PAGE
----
IVF.com reports that in a 1999 study of 100 women who abstained, or consumed less than one cup of coffee or its equivalent per day, conceived 26.9 pregnancies per 100 menstrual cycles compared with 10.5 per 100 menstrual cycles among those who consumed more than one cup of coffee per day.

In another study from 1989, 104 healthy women who were actively trying to conceive for three months were interviewed about their consumption of caffeinated beverages. In their subsequent cycles, women who consumed more than the equivalent of one cup of coffee per day were half as likely to become pregnant, per cycle, as women who drank less. It would seem that the more a woman drank, the lower her chances for becoming pregnant.

The statistics are relentless…

Between 1992 and 1995 a Danish survey of 423 couples was carried out, with women between the ages of 20 and 35, living with their partner and intending to get pregnant for the first time. The survey revealed that compared with women with a very small caffeine intake, those with a moderate intake of caffeine had a lower chance for conception and those with a higher consumption had an even lower chance for pregnancy, again. This information held up after adjustments were made in consideration of weight, diseases of the female reproductive organs, semen quality, duration of the menstrual cycle and alcohol intake.

In 2005 a study published in the journal Diabetes Care demonstrated that caffeine makes it more difficult for insulin to control blood sugar. This condition, called insulin resistance, can cause a woman not to ovulate. Commonly, women suffering with obesity are likely to have insulin resistance. Researchers also believe there may be a link between insulin levels and a problem called PCOS (Polycystic Ovary Syndrome). Women suffering from PCOS generally have an excess of insulin in their bodies, which appears to increase the production of androgen, a hormone that affects the development and release of eggs.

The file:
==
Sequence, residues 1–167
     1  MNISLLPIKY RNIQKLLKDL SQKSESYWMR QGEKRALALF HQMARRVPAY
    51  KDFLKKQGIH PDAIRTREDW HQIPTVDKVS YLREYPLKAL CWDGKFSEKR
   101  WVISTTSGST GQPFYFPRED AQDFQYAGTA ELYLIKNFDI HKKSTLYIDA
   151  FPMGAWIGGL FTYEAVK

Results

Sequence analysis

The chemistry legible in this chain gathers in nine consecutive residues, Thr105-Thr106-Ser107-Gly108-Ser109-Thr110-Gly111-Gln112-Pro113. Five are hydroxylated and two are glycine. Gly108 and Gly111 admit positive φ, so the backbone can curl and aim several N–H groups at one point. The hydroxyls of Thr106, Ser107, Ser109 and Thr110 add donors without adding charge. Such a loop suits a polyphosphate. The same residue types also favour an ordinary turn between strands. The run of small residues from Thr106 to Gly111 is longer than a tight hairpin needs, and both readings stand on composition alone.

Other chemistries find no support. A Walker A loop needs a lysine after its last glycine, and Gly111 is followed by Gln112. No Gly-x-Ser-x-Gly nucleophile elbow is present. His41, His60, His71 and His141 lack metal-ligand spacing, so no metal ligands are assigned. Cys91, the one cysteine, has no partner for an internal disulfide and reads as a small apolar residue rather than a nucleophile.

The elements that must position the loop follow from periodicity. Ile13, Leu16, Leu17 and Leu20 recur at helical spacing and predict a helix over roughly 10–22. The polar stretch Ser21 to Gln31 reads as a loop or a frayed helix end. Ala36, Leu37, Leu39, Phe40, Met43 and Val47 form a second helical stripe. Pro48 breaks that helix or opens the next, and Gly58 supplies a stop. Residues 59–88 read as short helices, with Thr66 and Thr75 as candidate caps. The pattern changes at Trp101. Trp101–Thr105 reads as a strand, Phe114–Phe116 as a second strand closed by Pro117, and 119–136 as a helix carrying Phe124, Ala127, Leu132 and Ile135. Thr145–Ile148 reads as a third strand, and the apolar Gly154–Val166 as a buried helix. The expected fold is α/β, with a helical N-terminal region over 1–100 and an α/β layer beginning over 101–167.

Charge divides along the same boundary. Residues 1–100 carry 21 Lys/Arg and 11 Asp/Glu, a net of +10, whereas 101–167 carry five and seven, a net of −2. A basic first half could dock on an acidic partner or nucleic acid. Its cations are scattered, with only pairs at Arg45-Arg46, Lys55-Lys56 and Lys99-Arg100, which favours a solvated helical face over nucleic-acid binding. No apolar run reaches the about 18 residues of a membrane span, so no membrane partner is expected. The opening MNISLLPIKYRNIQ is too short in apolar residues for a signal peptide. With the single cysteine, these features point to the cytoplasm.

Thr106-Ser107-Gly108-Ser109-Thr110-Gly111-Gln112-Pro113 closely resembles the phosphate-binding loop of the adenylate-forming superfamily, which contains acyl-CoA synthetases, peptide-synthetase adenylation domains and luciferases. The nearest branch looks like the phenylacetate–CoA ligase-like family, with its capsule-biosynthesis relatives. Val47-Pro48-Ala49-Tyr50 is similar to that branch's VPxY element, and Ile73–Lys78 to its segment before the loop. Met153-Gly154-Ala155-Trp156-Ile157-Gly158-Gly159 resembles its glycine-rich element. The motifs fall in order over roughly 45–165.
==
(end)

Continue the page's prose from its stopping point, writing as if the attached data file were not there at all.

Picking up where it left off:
In 1993 the American Journal of Epidemiology stated the following, according to Hatch EE, Bracken MB: Some studies have found a link between high levels of caffeine consumption by women and delayed conception. Those who consumed more than 300 mg of caffeine per day were twice as likely to have conception delayed for a year or more.

In 1997 in the American Journal of Epidemiology stated according to Bolumar.F, Olsen J, Rebagliato M, and Bisanti L that a European study group on infertility and subfecundity linked high caffeine intake to delayed conception, but only in women consuming about four cups of coffee per day (500mg).

So, Does Caffeine Affect Fertility?

Well you be your own judge. Probably a cup of coffee a day or a bar of chocolate generally will be no problem. In other words, less than 300mg a day would be a moderate intake to achieve.

However if you are having difficulties in trying to get pregnant then it would be worth gradually giving it up for a while as it could be just the thing that is preventing you conceiving. If you are a big coffee drinker then wean yourself down gently to avoid headaches and irritability and other negative feelings.

Remember, because caffeine is a diuretic it is important to drink more fluids when consuming caffeine.

Here’s a guide to help you control your caffeine intake:

The average size hot beverage contains the following amount of caffeine (per 250ml cup):

Brewed coffee is 105 – 135 mg
Instant coffee is 57 – 95 mg
Espresso is 100mg
Cappuccino is 100mg
Decaffeinated is 5mg
Tea 50mg
Hot cocoa 5mg (per 8oz)

Other sources of caffeine:

Energy drinks contain 80 mg (per 250 ml can)
Coca Cola has 48.75mg (per 375ml can)
White Chocolate contains 20 mg per 100g
Dark Chocolate contains 65 mg per 100g